It was winter break of my junior year at Fairfield University in December of 2003. In a month, I would be leaving for a semester abroad in Australia. Life was good. One day I happened to notice a funky looking freckle on the top of my right forearm. I showed it to my mom, who is a nurse, and we both decided that while it probably was not a big deal, it would be a good idea to get it checked out before I left for Australia. I was informed via a phone call with the results of the biopsy; the tissue removed was benign.
Fast-forward a year and half to June 2005. I had just graduated from Fairfield in May and was on the customary European backpacking trip. While sitting on the train, I noticed the hints of a subtle re-growth emerging from the scar on my forearm where that initial excision had taken place. When I got back to the States, I immediately scheduled an appointment with a dermatologist to have the growth examined.
I remember sitting in the doctor’s office with my parents. Over the last few days there had been a lot of talk between the various doctors who had been involved in my case and myself and my parents. I could tell by the way this was being treated that this was something serious, although no one wanted to admit it until we knew for certain. My doctor came in and explained the bad news. It turns out that both the original freckle removed in 2003 and the re-growth were both malignant melanoma.
I remember having mixed feelings as I sat there: I was shocked that something like this could happen to me, at my age; scared of what was to come; and confused as to how my original diagnosis from 2003 was incorrect.
Upon the melanoma diagnosis, my family and I immediately had my care transferred from the doctors in my hometown to the Dana Farber Cancer Institute in Boston, Massachusetts. I remember one of my first meetings with the dermatologist very clearly. I would like to preface this by saying that the doctors and staff at Dana Farber are incredible people. They are also realists; they can not afford to nor do they think it is right to sugar-coat their patients’ situations. That being said, the dermatologist that day informed me that a patient in my situation, with the recurrence, depth of the disease and the amount of time that had elapsed, had a 5 year survival rate of 50%.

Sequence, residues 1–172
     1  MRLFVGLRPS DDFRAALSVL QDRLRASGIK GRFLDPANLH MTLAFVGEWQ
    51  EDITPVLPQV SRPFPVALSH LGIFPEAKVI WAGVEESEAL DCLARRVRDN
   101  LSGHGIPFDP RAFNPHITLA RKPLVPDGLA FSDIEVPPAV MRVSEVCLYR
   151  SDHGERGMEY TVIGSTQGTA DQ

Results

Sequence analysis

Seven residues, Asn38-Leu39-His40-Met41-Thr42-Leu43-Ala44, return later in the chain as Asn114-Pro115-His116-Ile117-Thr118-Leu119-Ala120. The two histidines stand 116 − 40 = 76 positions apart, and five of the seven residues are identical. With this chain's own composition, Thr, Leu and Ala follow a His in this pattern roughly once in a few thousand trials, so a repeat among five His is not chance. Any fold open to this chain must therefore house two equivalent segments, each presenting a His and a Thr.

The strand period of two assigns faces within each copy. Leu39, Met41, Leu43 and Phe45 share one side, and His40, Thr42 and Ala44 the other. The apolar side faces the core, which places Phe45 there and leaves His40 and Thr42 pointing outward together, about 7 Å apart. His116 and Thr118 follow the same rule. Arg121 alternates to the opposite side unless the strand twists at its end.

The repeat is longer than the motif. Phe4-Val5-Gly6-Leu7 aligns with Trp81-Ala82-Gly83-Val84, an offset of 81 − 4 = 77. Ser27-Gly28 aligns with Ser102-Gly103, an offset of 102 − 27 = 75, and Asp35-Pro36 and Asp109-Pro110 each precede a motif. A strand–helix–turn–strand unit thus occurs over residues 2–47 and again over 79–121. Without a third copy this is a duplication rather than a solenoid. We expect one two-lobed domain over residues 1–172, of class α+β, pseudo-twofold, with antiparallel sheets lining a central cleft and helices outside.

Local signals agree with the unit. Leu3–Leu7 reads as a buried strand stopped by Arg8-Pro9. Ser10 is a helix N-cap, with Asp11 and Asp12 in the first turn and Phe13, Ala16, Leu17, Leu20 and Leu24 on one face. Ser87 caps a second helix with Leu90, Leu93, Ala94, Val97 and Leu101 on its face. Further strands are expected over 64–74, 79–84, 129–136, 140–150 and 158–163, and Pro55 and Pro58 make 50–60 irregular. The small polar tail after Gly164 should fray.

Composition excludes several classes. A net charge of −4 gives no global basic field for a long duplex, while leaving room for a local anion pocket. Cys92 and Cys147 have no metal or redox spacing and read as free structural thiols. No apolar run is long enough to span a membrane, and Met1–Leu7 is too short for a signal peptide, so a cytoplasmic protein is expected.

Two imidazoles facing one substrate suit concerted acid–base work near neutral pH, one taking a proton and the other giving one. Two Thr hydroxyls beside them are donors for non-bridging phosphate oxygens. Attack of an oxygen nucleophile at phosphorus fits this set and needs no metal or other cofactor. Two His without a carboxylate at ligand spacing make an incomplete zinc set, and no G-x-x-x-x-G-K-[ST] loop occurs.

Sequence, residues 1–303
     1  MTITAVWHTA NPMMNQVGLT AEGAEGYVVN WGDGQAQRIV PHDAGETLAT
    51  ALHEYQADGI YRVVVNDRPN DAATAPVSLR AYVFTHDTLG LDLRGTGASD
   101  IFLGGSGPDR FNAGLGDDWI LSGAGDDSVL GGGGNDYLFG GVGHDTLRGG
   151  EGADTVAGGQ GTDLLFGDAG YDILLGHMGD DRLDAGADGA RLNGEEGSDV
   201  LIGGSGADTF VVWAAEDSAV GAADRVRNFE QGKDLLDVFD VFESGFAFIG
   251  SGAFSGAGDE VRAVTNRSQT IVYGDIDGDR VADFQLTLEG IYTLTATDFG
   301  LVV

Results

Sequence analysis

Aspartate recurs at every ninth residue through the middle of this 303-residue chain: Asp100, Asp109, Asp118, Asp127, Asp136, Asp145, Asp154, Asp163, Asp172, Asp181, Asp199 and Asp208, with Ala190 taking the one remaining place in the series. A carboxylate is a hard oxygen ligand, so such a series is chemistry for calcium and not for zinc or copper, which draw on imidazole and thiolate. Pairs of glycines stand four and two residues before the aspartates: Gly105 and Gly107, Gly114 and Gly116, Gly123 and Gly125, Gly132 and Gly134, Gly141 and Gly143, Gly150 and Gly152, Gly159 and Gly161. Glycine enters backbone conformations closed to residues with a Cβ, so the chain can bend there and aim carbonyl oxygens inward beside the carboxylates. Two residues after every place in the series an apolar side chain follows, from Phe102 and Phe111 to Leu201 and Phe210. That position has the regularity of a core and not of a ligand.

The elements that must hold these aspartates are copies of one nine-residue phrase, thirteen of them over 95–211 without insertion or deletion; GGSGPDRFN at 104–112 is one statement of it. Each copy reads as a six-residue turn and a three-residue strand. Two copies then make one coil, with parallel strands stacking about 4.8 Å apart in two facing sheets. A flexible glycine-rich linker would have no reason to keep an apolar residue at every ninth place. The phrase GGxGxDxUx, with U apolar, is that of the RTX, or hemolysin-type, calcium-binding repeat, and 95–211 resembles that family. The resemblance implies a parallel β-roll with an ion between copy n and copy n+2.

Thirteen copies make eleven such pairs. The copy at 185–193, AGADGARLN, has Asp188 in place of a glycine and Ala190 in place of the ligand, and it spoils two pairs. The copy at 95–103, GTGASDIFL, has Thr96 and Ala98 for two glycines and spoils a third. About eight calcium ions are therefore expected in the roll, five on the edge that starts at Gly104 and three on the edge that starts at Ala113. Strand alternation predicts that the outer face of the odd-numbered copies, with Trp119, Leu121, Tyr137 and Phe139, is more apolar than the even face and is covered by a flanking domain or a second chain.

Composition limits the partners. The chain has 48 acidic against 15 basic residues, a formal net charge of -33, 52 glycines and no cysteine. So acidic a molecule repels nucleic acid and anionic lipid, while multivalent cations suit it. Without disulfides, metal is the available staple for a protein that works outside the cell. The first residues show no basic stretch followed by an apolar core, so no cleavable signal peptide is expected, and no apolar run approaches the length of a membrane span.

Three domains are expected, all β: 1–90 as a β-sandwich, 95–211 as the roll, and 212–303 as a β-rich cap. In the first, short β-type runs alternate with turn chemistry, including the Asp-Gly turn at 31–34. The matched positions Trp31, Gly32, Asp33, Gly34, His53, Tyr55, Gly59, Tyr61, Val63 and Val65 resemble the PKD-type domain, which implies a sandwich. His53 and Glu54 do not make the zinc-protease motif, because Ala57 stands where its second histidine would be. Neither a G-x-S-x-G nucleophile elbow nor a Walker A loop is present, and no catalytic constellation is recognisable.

That was obviously tough news. It was around that time that I committed myself to a positive outlook; I taught myself to disregard such negative news which I knew could be lurking around the corner at any time. At that point everything was one day at a time.
I ended up having a fairly major surgery and skin graft on my arm to ensure wide margins, both a sentinel and radical lymph node dissection on the nodes in my right armpit and underwent the year-long interferon treatment. That sounds tough when put all together like that. But taken one day at a time it wasn’t so bad.
Since then, I’ve stayed vigilant through countless doctor’s appointments, skin checks, scans and follow-ups at Dana Farber. Luckily, there has been no sign of the disease since the removal of the lymph nodes in the Fall of 2005.
As I look back on the whole experience now, I can credit the origin of the disease pretty certainly on my sun exposure during my childhood and teenage years. Growing up in the coastal city of Newport, Rhode Island – I was always outside. Whether it was playing sports, sailing, surfing, golfing or working at an outdoor bar on the beach. I specifically remember a number of bad sunburns. It was an annual thing – part of the summertime routine. I did not use sunscreen nearly as much as I should have; nor was I ever particularly good at listening to most of the repetitive warnings and sun smart rules that are often lectured. This might be the most frustrating part of the whole experience – the fact that skin cancer is, for the most part, very preventable.
All of my friends and family are well aware of my experience with melanoma. I have been very open throughout the whole ordeal to anyone who has had questions, comments or concerns. As such, many of the people close to me have used my experience as a wake up call for them to improve their sun smarts. I try to lead by example. This openness lead me to seek opportunities to share my story and offer a hand, where I could. I am currently involved with the Melanoma Foundation of New England’s Billy’s Buddies program, a mentoring program for melanoma patients and survivors as well as the Foundation’s No-Tanning program for high school students called Your Skin Is In.